What is an Uninsured Certificate of Deposit (CD)?
An uninsured certificate of deposit (CD) is a certificate of deposit that is not covered by depositor’s insurance.
Certificates of deposit (CDs) are insured up to the maximum allowable amounts by either the Federal Deposit Insurance Corporation (FDIC) or National Credit Union Administration (NCUA) insurance if they are issued by U.S. banks or credit unions. CDs issued by foreign banks or by brokerages are not covered by FDIC or NCUA insurance.
How an Uninsured CD Works
Just like a traditional CD, an uninsured CD has a specified maturity and rate of return that will be paid according to the terms of the security. Typically, these instruments pay a much higher rate of interest than insured CDs because the investor assumes more risk.
Examples of Uninsured CDs
Uninsured CDs are often designed and marketed by investment firms. They can be structured to track an investment index offering higher potential returns than traditional bank CDs. Uninsured CDs may also be offered by foreign banks; however, because they are purchased offshore, they typically will not carry FDIC or NCUA insurance.
Some CDs issued by brokerages are linked to market performance or an index, and are referred to as “Bull” or “Bear” CDs. The rate of return on the CD is determined by the performance or movement of the index. A Bull CD may offer a certain level of return based on the index rising while a Bear CD’s return is contingent on a falling index.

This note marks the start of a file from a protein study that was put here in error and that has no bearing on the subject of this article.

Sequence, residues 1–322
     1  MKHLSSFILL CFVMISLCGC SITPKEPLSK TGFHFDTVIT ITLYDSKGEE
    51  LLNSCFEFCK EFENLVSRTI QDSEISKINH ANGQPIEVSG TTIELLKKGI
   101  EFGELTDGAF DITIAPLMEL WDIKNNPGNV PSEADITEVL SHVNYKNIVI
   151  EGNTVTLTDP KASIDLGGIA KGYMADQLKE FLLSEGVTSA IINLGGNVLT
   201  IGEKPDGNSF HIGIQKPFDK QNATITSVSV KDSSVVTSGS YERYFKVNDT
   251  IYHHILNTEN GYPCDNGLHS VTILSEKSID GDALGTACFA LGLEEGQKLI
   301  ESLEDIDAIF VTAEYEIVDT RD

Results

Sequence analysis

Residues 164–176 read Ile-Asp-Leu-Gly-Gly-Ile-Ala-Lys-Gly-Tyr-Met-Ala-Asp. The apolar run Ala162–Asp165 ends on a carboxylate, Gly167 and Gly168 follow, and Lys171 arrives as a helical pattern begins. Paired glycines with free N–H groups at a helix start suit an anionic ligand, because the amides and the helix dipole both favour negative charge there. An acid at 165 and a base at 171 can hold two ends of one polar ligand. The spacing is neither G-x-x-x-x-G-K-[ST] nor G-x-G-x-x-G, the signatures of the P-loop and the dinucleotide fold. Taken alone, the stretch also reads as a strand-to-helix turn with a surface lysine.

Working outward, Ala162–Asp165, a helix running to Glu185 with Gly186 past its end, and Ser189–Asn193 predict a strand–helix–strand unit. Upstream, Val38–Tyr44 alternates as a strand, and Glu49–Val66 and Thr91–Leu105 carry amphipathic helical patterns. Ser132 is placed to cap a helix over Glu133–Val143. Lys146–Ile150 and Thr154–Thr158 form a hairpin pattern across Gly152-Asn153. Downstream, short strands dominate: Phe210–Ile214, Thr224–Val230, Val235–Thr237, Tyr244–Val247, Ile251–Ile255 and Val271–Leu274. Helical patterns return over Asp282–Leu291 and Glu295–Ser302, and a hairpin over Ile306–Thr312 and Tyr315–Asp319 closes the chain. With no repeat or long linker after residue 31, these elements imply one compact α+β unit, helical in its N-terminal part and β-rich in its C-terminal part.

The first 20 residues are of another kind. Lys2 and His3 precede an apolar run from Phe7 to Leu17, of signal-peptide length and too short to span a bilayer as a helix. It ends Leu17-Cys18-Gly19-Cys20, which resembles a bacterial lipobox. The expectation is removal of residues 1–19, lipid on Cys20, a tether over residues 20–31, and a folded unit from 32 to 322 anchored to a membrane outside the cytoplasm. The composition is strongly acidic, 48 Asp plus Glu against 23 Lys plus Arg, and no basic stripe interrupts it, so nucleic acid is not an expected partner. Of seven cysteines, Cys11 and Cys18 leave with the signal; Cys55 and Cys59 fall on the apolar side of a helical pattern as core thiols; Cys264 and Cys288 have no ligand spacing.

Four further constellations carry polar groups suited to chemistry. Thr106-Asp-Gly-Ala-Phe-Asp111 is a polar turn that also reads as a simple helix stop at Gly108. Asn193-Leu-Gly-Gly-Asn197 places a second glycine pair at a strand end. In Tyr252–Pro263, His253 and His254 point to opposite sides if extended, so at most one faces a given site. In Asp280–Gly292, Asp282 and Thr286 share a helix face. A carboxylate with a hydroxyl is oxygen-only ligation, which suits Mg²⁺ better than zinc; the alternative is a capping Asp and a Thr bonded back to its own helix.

Another example of an uninsured CD is what is known as a Yankee CD. Yankee CDs are large denomination CDs issued by U.S. branches of foreign banks. Some Yankee CDs may only carry partial FDIC insurance or none at all depending on the terms of the instrument.
Not All Insured CDs Are the Same
Even if a CD is insured, the insurance may not cover all of an investor’s potential loss. The limits of FDIC insurance max out at $250,000 per account. Therefore, if a bank customer purchases a CD for $300,000, the $50,000 over the maximum limit is uninsured.
Also, accrued or compound interest may not be insured. For example, an investor purchases a five-year, $100,000 CD paying 2% interest and opts to compound the interest payments. If the issuing bank fails two years after the purchase, the investor may only receive the original principal amount of $100,000, forfeiting $4,000 in accrued interest.
Market-linked CDs that may be insured are typically insured for principal only, so any embedded gains or returns due to market appreciation are forfeited in the event of institutional failure.